WARNING: This is a horror poem. It is nightmare fuel. It is about things that can go wrong when superpowers manifest in infancy or early childhood. If you are a parent or work with small children, think three times before reading onward.
People tend to think of superpowers
as something acquired later in life --
a freak accident, a mark of survival,
or even a hand-me-down artifact.
Those born with exceptional gifts
tend to manifest them at puberty,
but that's not always when it happens.
Some abilities arrive in the early days.
There are stories of empaths and telepaths
born open to the hearts and minds of others.
When babies cry constantly, parents hover,
and hope that it's only colic.
A beam of anything can do
super-scale damage to a nursery,
and infants have little control
over their flailing limbs.
If what you get is a thrown cup
breaking a vase, be grateful.
It's hard enough to get a helium balloon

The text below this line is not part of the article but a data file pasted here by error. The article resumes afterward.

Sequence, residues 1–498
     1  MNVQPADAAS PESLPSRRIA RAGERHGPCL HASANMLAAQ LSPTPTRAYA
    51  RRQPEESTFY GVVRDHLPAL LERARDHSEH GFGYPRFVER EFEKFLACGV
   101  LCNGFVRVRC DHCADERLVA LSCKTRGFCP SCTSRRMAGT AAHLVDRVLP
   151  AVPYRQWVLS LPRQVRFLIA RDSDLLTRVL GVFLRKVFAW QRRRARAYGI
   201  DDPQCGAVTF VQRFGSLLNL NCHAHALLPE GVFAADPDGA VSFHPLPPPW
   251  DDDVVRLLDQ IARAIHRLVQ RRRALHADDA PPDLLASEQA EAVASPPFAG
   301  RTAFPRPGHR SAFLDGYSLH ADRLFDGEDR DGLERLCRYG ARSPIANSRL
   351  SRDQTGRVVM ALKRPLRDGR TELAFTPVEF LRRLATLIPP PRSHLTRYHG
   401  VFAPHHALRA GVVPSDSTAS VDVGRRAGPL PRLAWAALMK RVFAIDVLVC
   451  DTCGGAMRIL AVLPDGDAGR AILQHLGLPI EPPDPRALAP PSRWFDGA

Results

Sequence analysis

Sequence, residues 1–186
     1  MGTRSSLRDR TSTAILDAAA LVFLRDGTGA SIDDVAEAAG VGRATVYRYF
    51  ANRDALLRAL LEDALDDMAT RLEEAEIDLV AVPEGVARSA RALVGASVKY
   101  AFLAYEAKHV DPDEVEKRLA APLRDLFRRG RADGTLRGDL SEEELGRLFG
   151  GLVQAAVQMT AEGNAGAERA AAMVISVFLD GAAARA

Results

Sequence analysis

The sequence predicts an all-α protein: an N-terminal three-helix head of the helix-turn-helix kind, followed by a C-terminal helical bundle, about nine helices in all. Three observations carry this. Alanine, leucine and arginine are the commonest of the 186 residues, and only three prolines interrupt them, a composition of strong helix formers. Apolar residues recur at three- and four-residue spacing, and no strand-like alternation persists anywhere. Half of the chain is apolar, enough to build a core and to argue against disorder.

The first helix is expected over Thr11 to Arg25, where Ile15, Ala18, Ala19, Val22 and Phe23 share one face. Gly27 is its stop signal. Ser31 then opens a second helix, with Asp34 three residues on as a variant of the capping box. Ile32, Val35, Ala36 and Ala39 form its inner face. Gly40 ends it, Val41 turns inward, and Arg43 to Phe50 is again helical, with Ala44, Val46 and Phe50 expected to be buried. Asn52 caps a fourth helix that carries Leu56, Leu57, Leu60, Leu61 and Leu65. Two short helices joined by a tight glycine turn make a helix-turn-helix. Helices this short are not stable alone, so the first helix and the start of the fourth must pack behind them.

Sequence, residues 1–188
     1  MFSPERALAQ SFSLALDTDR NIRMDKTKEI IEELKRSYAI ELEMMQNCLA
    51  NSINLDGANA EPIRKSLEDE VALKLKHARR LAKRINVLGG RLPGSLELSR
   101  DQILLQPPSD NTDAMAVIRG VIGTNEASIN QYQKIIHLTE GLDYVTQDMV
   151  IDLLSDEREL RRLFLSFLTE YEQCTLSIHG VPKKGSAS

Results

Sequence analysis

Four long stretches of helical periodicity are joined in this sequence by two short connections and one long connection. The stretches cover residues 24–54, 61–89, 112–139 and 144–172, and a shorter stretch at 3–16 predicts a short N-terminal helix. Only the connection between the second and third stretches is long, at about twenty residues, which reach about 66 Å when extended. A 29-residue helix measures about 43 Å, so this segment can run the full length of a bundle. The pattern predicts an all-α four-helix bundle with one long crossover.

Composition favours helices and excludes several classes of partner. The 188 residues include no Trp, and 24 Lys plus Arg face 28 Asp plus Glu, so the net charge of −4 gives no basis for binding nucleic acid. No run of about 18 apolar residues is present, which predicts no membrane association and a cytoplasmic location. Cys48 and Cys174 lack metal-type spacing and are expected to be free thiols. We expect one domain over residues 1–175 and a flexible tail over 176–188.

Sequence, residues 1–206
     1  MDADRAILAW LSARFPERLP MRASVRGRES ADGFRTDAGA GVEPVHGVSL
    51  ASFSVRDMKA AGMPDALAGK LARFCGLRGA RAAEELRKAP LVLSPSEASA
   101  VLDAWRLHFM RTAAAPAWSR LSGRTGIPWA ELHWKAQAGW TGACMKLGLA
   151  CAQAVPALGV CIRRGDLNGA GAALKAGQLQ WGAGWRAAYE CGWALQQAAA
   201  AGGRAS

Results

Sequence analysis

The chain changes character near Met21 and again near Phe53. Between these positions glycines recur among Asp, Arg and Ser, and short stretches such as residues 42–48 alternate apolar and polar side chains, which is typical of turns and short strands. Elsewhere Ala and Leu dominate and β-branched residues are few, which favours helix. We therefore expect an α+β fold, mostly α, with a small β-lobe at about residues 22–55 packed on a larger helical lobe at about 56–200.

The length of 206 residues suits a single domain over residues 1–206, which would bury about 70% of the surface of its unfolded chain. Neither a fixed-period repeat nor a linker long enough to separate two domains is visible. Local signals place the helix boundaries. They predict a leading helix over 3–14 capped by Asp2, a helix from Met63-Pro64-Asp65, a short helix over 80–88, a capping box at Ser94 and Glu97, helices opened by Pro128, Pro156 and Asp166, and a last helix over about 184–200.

off the ceiling, let alone a baby
who just learned how to fly.
Terrified parents look up
at the huge blue sky and whisper,
"Thank God it didn't happen outdoors."
To an infant with phasing,
baby gates are irrelevant.
You can't even catch them by hand
to keep them from tumbling down the stairs.
Without control, transformation
changes everything it touches,
every meal turning into a mad tea party.
But those aren't the things
that parents fear the most,
not the ones that send them
to stand for hours in a darkened room
watching their little ones sleep.
The worst nightmares come from
gifts like invisibility and teleportation:
the heart-gnawing fear that
your child will disappear
between one moment and the next,
never to be seen again.